External economies as a mechanism of agglomeration in EU manufacturing
N. Domeque Claver,
C. Fillat Castejó® and
F. Sanz Gracia
Authors registered in the RePEc Author Service: Carmen Fillat-Castejon ()
Applied Economics, 2012, vol. 44, issue 34, 4421-4438
Productive externalities are significant determinants of agglomeration, not deeply studied at the industry and international level. We analyse the impact on productivity growth of technological externalities, both inter- and intraindustry, national or international, at the industry level for the EU countries and the period 1995-2002. The results confirm the advisability of considering international externalities when countries are taken as regions, whose omission underestimates national spillovers. Together with national endowments and a central geographical position, the growth of productivity is encouraged by national and international specialization as a general result; moreover, it is fuelled by stronger interindustry spillovers and productive diversification, a result more evident for high technology industries, while lower technology industries are more sensitive to the omission of international externalities. Economic integration seems to be relevant, because supranational regions with less friction for goods and factor movements are more likely to take advantage of external economies as a mechanism of productivity growth and agglomeration.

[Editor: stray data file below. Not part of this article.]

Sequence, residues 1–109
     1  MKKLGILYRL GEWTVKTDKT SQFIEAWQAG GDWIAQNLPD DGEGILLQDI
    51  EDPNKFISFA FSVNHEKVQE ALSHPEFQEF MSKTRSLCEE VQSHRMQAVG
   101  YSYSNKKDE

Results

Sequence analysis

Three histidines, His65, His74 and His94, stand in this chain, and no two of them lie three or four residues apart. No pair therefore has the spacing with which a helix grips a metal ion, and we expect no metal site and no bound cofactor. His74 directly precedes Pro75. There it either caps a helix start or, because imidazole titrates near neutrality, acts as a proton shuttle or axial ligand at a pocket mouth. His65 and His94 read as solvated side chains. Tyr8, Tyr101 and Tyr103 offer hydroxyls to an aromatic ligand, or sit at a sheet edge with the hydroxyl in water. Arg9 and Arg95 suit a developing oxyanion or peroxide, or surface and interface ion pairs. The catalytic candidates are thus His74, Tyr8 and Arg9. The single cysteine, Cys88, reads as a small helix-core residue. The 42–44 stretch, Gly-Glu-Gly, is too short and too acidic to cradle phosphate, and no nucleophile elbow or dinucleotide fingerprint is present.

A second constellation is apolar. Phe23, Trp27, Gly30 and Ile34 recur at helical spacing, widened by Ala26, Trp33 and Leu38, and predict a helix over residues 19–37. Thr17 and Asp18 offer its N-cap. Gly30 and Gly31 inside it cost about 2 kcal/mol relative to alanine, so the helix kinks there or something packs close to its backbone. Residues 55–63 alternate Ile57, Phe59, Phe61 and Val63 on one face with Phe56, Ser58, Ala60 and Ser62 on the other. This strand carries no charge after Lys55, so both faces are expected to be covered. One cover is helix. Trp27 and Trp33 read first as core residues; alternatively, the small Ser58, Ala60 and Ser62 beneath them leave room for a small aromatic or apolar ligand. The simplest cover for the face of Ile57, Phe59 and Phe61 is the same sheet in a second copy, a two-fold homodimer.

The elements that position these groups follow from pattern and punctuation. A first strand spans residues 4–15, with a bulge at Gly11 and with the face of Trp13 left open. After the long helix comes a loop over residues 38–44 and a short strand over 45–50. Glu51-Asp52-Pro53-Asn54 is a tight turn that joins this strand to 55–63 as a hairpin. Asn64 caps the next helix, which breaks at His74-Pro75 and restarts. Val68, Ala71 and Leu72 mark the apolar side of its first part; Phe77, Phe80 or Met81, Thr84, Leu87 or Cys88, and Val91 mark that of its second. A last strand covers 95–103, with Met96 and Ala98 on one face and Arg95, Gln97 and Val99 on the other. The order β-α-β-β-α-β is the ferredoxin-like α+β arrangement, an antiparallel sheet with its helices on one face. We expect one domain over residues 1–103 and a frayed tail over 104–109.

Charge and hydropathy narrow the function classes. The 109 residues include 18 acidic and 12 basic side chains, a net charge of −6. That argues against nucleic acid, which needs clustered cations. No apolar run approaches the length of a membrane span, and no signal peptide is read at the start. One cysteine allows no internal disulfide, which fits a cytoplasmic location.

References: View references in EconPapers View complete reference list from CitEc
Citations: View citations in EconPapers (1) Track citations by RSS feed
Downloads: (external link)
Access to full text is restricted to subscribers.
Working Paper: External economies as a mechanism of agglomeration in EU manufacturing (2011)
This item may be available elsewhere in EconPapers: Search for items with the same title.
Export reference: BibTeX
RIS (EndNote, ProCite, RefMan)
Persistent link: https://EconPapers.repec.org/RePEc:taf:applec:v:44:y:2012:i:34:p:4421-4438
Ordering information: This journal article can be ordered from
Access Statistics for this article
Applied Economics is currently edited by Anita Phillips
More articles in Applied Economics from Taylor & Francis Journals
Bibliographic data for series maintained by Chris Longhurst ().